Prameya; 4 Definition(s)


Prameya means something in Hinduism, Sanskrit, Marathi. If you want to know the exact meaning, history, etymology or English translation of this term then check out the descriptions on this page. Add your comment or reference to a book if you want to contribute to this summary article.

In Hinduism

Nyaya (school of philosophy)

[Prameya in Nyaya glossaries]

Prameya (प्रमेय) refers to the “objects of valid knowledge”. It is one of the sixteen categories of discussion (padārtha) according to the doctrine of the Nyāya-sūtras by Akṣapāda. The sixteen padārthas represent a method of intellectual analysis and categorize everything that is knowable and nameable.

(Source): Wisdom Library: Nyāya
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Nyaya (न्याय, nyaya) refers to a school of Hindu philosophy (astika), drawing its subject-matter from the Upanishads. The Nyaya philosophy is known for its theories on logic, methodology and epistemology, however, it is closely related with Vaisheshika in terms of metaphysics.

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Languages of India and abroad

Marathi-English dictionary

[Prameya in Marathi glossaries]

pramēya (प्रमेय).—a S To be proved; that which can be or is to be proved; which admits of or is the subject or proof.

(Source): DDSA: The Molesworth Marathi and English Dictionary

pramēya (प्रमेय).—n Theorem.

(Source): DDSA: The Aryabhusan school dictionary, Marathi-English
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Marathi is an Indo-European language having over 70 million native speakers people in (predominantly) Maharashtra India. Marathi, like many other Indo-Aryan languages, evolved from early forms of Prakrit, which itself is a subset of Sanskrit, one of the most ancient languages of the world.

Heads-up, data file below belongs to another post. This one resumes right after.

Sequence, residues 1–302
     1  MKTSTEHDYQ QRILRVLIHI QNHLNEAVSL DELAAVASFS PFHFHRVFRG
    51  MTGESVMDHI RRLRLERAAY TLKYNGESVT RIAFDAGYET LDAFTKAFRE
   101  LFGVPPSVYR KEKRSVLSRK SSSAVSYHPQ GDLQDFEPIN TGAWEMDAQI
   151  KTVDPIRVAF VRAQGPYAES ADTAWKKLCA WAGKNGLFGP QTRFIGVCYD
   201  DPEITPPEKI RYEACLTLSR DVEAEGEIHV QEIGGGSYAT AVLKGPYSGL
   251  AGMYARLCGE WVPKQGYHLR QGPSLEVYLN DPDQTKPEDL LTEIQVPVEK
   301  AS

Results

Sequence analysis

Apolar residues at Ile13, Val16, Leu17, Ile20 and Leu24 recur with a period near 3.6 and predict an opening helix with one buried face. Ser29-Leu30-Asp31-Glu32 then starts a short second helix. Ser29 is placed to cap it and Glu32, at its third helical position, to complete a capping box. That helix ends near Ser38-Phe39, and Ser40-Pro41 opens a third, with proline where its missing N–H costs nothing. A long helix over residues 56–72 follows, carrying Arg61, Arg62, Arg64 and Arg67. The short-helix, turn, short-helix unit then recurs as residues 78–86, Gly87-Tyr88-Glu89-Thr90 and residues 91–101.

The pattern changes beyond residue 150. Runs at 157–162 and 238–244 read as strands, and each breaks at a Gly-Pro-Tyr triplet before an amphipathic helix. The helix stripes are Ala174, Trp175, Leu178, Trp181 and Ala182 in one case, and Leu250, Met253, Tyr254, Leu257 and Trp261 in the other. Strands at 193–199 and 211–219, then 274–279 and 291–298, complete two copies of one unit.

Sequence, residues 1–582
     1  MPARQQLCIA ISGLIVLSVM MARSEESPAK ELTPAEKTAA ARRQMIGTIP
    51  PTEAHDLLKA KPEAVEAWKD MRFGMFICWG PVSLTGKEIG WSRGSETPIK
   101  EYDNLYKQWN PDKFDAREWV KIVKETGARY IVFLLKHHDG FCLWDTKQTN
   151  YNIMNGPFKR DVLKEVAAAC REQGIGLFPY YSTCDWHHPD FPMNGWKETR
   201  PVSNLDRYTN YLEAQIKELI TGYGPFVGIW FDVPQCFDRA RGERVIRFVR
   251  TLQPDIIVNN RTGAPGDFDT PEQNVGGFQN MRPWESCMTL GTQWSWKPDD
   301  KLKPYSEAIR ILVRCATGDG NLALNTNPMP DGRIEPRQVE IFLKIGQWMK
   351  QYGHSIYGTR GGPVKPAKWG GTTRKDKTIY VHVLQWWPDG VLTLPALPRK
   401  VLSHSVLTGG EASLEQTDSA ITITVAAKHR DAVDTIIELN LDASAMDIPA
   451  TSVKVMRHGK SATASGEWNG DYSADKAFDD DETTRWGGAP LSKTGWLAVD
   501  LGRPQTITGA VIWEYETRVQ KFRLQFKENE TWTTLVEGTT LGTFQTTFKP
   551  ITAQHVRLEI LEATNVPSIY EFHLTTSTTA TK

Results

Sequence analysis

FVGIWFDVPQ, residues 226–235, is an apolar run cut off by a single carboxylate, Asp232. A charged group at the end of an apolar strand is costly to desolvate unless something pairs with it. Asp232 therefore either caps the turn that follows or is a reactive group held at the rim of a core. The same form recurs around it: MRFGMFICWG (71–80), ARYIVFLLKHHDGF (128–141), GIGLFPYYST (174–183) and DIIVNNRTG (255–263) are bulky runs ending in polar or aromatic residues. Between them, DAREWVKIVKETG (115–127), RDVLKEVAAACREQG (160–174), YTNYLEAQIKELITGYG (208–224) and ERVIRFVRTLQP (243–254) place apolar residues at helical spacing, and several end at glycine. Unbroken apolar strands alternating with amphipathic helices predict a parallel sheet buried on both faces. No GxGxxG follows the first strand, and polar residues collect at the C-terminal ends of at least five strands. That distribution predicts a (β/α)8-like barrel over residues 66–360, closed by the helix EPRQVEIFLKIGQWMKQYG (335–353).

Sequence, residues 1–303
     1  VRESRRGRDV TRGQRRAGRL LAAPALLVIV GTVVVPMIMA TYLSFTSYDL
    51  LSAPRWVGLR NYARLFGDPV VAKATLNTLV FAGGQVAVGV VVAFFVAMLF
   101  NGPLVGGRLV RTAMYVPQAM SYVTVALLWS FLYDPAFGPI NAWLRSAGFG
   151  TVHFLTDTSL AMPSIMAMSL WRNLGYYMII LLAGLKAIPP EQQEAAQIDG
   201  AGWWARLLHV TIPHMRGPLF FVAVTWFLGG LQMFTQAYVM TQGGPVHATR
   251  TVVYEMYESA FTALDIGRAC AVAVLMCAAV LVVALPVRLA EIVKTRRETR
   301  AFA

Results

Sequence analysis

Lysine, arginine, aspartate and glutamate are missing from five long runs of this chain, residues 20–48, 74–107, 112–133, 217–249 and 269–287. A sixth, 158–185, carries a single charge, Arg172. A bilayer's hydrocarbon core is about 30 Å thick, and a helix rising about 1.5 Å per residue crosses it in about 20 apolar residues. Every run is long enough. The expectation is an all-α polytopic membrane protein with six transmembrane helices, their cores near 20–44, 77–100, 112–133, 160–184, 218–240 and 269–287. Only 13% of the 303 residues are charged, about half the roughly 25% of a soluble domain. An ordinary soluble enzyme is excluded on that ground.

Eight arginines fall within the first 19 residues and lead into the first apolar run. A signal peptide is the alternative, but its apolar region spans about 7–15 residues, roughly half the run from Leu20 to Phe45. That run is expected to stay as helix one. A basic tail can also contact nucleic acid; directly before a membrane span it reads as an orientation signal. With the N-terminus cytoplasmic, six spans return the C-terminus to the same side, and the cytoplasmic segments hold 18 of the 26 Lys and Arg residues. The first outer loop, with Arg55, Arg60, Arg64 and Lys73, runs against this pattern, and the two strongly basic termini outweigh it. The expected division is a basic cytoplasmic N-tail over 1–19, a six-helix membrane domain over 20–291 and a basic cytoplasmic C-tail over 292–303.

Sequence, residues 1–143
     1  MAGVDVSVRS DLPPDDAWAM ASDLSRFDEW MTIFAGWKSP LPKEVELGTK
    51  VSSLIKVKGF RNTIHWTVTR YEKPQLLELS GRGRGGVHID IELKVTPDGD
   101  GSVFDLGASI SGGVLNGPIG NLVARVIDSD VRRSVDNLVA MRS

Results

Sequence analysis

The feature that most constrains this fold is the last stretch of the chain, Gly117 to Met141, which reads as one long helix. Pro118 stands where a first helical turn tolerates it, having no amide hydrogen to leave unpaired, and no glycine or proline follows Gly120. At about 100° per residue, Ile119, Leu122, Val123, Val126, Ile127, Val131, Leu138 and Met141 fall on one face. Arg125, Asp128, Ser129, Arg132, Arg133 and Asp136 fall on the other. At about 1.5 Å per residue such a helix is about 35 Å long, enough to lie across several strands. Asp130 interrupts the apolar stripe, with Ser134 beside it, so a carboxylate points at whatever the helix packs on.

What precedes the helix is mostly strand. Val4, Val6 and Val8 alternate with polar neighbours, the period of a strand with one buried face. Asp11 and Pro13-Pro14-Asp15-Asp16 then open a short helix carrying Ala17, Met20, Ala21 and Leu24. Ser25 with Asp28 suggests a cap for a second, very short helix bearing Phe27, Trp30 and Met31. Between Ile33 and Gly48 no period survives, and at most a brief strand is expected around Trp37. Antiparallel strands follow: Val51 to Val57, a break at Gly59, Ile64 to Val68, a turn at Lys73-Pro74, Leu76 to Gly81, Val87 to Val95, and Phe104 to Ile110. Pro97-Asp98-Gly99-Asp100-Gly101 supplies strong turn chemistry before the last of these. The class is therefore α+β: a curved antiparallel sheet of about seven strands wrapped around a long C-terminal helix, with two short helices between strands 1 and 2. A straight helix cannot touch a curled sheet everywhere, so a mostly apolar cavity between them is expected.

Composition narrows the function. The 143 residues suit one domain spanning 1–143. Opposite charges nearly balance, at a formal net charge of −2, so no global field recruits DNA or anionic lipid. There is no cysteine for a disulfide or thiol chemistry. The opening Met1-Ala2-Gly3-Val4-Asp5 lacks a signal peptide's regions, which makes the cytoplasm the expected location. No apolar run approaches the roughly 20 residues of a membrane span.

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Sanskrit-English dictionary

[Prameya in Sanskrit glossaries]

Prameya (प्रमेय).—a.

1) Measurable, finite.

2) To be proved, demonstrable.

-yam 1 An object of certain knowledge, a demonstrated conclusion, theorem.

2) The thing to be proved, the topic to be proved or discussed.

(Source): DDSA: The practical Sanskrit-English dictionary
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Sanskrit, also spelled संस्कृतम् (saṃskṛtam), is an ancient language of India commonly seen as the grandmother of the Indo-European language family. Closely allied with Prakrit and Pali, Sanskrit is more exhaustive in both grammar and terms and has the most extensive collection of literature in the world, greatly surpassing its sister-languages Greek and Latin.

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